Hack, v. i. To cough faintly and frequently, or in a short, broken manner; as, a hacking cough.

Hack

Hack, n. 1. A notch; a cut. Shak. 2. An implement for cutting a notch; a large pick used in breaking stone. 3. A hacking; a catch in speaking; a short, broken cough. Dr. H. More. 4. (Football) A kick on the shins. T. Hughes. Hack saw, a handsaw having a narrow blade stretched in an iron frame, for cutting metal.

Hack

Hack , n. [Shortened fr. hackney. See Hackney.] 1. A horse, hackneyed or let out for common hire; also, a horse used in all kinds of work, or a saddle horse, as distinguished from hunting and carriage horses. 2. A coach or carriage let for hire; particularly, a a coach with two seats inside facing each other; a hackney coach.
On horse, on foot, in hacks and gilded chariots.
3. A bookmaker who hires himself out for any sort of literary work; an overworked man; a drudge.
Here lies poor Ned Purdon, from misery freed, Who long was a bookseller's hack.
4. A procuress.

Hack

Hack, a. Hackneyed; hired; mercenary. Wakefield. Hack writer, a hack; one who writes for hire. "A vulgar hack writer." Macaulay.

Hack

Hack, v. t. 1. To use as a hack; to let out for hire. 2. To use frequently and indiscriminately, so as to render trite and commonplace.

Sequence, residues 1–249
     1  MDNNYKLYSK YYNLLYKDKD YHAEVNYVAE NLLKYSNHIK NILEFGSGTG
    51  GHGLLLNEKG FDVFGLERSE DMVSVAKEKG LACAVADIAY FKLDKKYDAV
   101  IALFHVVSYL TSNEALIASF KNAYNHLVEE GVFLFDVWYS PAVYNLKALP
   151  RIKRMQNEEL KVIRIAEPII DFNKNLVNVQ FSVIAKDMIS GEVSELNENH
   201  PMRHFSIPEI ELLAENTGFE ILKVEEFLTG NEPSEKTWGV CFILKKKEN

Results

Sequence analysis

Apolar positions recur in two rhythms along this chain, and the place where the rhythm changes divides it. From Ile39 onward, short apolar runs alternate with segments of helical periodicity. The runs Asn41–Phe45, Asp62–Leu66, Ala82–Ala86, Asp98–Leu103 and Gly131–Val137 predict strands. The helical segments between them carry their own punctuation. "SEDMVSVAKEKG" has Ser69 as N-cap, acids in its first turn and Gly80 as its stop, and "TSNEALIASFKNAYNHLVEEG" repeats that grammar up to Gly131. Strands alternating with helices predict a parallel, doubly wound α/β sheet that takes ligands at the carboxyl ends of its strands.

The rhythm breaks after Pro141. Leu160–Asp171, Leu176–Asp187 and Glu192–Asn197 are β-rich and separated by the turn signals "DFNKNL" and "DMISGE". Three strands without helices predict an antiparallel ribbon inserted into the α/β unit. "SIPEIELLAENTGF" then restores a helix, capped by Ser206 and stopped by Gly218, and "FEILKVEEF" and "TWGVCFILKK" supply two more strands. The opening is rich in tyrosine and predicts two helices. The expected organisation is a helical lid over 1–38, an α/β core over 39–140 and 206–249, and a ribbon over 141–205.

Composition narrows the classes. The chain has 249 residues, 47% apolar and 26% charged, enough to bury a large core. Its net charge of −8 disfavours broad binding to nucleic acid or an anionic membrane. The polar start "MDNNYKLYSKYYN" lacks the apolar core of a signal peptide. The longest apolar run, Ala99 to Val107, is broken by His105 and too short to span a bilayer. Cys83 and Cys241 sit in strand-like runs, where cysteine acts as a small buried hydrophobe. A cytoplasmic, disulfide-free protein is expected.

The word "remarkable" has been so hacked of late.

Hack

Hack, v. i. 1. To be exposed or offered or to common use for hire; to turn prostitute. Hanmer. 2. To live the life of a drudge or hack. Goldsmith.

A frame or grating of various kinds; as, a frame for drying bricks, fish, or cheese; a rack for feeding cattle; a grating in a mill race, etc.

To cut irregulary, without skill or definite purpose; to notch; to mangle by repeated strokes of a cutting instrument; as, to hack a post.

To cough faintly and frequently, or in a short, broken manner; as, a hacking cough.

A notch; a cut.

A horse, hackneyed or let out for common hire; also, a horse used in all kinds of work, or a saddle horse, as distinguished from hunting and carriage horses.

Hackneyed; hired; mercenary.

To use as a hack; to let out for hire.

To be exposed or offered or to common use for hire; to turn prostitute.

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Usage Examples

I didn't think that college math was for me. I didn't think I'd be able to hack it. And that perception of math not being for girls, not being for girls who see themselves as socially well adjusted has got to change.

I get hired to hack into computers now and sometimes it's actually easier than it was years ago.

Misspelled Form

hack, ghack, yhack, uhack, jhack, nhack, gack, yack, uack, jack, nack, hgack, hyack, huack, hjack, hnack, hqack, hwack, hsack, hzack, hqck, hwck, hsck, hzck, haqck, hawck, hasck, hazck, haxck, hadck, hafck, havck, ha ck, haxk, hadk, hafk, havk, ha k, hacxk, hacdk, hacfk, hacvk, hac k, hacjk, hacik, hacok, haclk, hacmk, hacj, haci, haco, hacl, hacm, hackj, hacki, hacko, hackl, hackm.

Other Usage Examples

Every ISP is being attacked, maliciously both from in the United States and outside of the United States, by those who want to invade people's privacy. But more importantly they want to take control of computers, they want to hack them, they want to steal information.

I get hired by companies to hack into their systems and break into their physical facilities to find security holes. Our success rate is 100% we've always found a hole.